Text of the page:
Flaps, thrush and soliders

Flaps, thrush and soliders

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Before we develop our Reader-Writer relationship any further, I think it’s important for you to know that it’s not only dating/romance situations in which I find myself feeling awkward – there are plenty of other dilemmas I find myself in too. 

For some reason I thought that might make me sound less socially-retarded, but perhaps it only reinforces that further?! Oops. At least you all know that you don’t have to date me to experience the wonder that is DilEmma’s world. How very inclusive of me. 

Dinner tables (well, they’re not really dinner tables I suppose, for fear that lunch, breakfast and intermittent snacks might feel left out) are a place for sharing about your day at work, talking about current affairs, eating good food and enjoying each other’s company. Except if, like me, you live alone in which case it’s a place for thinking about your day at work, eating good food (or possibly tinned soup with soldiers) and alarming yourself with the realisation that you just spoke aloud to your toaster named Ken.

Anyway, before the days of living on my own I once boarded with a dear family who were kind enough to welcome me into their beautiful Samoan family, despite my fluro-translucent white tan and tendency to snigger whenever I heard the term ‘lamb flaps’. We ate many a meal (not just lamb flaps, don’t worry) around their table and laughed more than most adults do. On several occasions however, the table was abruptly abandoned as their Mum asked me a question, leaving me with the dilemma of how to answer. Here’s a taster of what I was asked (apologies for any inappropriate language, and if you can read in a Samoan accent, even better):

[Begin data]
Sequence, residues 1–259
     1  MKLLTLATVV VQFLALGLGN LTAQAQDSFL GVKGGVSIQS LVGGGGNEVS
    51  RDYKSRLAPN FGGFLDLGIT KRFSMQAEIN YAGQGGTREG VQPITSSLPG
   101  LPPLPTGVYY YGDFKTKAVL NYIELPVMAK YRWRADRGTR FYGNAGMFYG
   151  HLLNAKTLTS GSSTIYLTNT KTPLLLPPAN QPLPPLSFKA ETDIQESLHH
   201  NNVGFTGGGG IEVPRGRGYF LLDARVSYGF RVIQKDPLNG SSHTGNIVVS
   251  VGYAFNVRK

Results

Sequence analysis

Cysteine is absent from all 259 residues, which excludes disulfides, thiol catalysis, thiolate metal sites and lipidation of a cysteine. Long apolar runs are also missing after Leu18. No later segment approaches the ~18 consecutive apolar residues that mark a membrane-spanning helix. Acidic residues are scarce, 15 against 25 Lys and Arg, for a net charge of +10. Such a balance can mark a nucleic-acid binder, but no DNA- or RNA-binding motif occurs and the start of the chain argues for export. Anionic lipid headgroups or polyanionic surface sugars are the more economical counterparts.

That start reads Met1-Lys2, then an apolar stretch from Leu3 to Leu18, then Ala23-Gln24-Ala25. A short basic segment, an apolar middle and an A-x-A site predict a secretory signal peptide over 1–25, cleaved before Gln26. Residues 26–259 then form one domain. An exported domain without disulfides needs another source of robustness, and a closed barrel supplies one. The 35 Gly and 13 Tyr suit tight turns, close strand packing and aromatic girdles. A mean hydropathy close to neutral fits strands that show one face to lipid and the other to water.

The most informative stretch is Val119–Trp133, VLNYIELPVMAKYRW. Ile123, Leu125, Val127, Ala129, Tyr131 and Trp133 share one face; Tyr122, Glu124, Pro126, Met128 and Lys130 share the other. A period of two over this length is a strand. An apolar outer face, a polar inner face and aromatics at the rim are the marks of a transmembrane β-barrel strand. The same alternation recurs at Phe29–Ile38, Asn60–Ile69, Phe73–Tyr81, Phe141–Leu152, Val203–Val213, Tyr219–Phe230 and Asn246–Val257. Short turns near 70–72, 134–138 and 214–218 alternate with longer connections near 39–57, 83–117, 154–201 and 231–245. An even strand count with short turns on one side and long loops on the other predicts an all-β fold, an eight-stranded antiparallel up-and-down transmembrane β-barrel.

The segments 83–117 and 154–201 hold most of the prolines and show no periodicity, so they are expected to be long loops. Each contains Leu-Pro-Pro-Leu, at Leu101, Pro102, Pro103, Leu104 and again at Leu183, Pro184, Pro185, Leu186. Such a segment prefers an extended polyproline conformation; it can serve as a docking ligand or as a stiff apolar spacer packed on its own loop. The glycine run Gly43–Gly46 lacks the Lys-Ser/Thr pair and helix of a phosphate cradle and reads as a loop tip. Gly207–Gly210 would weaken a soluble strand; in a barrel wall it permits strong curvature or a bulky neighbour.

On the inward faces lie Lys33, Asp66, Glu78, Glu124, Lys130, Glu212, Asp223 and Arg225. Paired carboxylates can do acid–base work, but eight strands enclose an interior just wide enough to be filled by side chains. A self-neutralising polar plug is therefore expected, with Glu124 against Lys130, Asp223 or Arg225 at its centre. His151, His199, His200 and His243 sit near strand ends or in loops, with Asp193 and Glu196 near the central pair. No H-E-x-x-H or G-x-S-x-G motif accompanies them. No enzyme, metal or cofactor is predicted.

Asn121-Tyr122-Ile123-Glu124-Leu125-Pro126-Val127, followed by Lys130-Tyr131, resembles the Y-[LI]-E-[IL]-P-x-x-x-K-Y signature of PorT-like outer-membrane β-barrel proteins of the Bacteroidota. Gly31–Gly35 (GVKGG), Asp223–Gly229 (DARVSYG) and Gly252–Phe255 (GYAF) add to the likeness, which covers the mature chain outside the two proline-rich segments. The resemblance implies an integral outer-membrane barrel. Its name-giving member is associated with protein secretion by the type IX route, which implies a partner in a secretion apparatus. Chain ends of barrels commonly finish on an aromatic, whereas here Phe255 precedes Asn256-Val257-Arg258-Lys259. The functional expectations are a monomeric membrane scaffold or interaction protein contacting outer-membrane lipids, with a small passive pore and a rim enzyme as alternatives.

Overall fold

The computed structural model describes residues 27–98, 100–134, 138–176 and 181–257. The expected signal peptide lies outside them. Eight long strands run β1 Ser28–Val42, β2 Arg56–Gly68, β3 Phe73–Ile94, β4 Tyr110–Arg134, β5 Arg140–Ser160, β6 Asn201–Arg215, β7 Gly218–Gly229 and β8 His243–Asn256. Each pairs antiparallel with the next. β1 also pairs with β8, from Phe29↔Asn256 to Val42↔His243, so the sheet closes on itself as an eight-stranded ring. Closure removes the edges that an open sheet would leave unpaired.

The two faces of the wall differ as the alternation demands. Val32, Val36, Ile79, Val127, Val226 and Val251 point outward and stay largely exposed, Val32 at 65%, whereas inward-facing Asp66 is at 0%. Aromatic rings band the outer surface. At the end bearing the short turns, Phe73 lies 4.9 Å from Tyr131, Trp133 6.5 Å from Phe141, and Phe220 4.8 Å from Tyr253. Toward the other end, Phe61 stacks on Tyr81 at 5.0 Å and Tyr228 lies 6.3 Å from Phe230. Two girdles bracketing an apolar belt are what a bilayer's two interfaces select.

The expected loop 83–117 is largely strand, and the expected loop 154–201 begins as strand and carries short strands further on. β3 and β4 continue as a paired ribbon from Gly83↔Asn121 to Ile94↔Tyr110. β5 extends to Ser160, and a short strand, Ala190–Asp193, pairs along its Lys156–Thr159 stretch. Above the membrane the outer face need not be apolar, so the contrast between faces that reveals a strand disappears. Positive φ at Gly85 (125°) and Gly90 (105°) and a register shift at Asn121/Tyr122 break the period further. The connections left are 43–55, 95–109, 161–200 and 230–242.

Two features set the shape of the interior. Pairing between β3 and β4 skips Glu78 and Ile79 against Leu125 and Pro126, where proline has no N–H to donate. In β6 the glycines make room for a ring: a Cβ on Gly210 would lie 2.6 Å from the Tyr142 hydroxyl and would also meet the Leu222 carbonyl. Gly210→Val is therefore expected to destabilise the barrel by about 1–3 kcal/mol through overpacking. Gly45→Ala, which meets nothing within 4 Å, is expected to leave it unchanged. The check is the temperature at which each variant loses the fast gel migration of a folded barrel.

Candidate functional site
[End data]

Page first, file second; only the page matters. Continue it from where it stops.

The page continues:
1. “Hey Emma, what’s oral sex?”
  2. “Emma – you know thrush? Soooo itchy eh!?”
  3. “You know Emma, why do girls buy pads? They are too expensive eh? You know what you should do – buy the nappies and cut it up. Much cheaper eh!”
  4. “Emma, what’s a cunt mean? I call my boss that all the time but I don’t know what it means.”
  5. “Emma, you think you can buy me some of that (referring to the KY warming gel currently being advertised on TV) for my knee? I think it’s good for gout?”

Gulp. 

My approach was to answer with total honesty as it’s not like you can say anything like “I’ll explain when you’re older dear”, or “go ask your father”. 

I suppose it was all good practice for the days when I’m raising my own children. Or perhaps I’ll just stick with Ken the toaster and his toasty soldiers!

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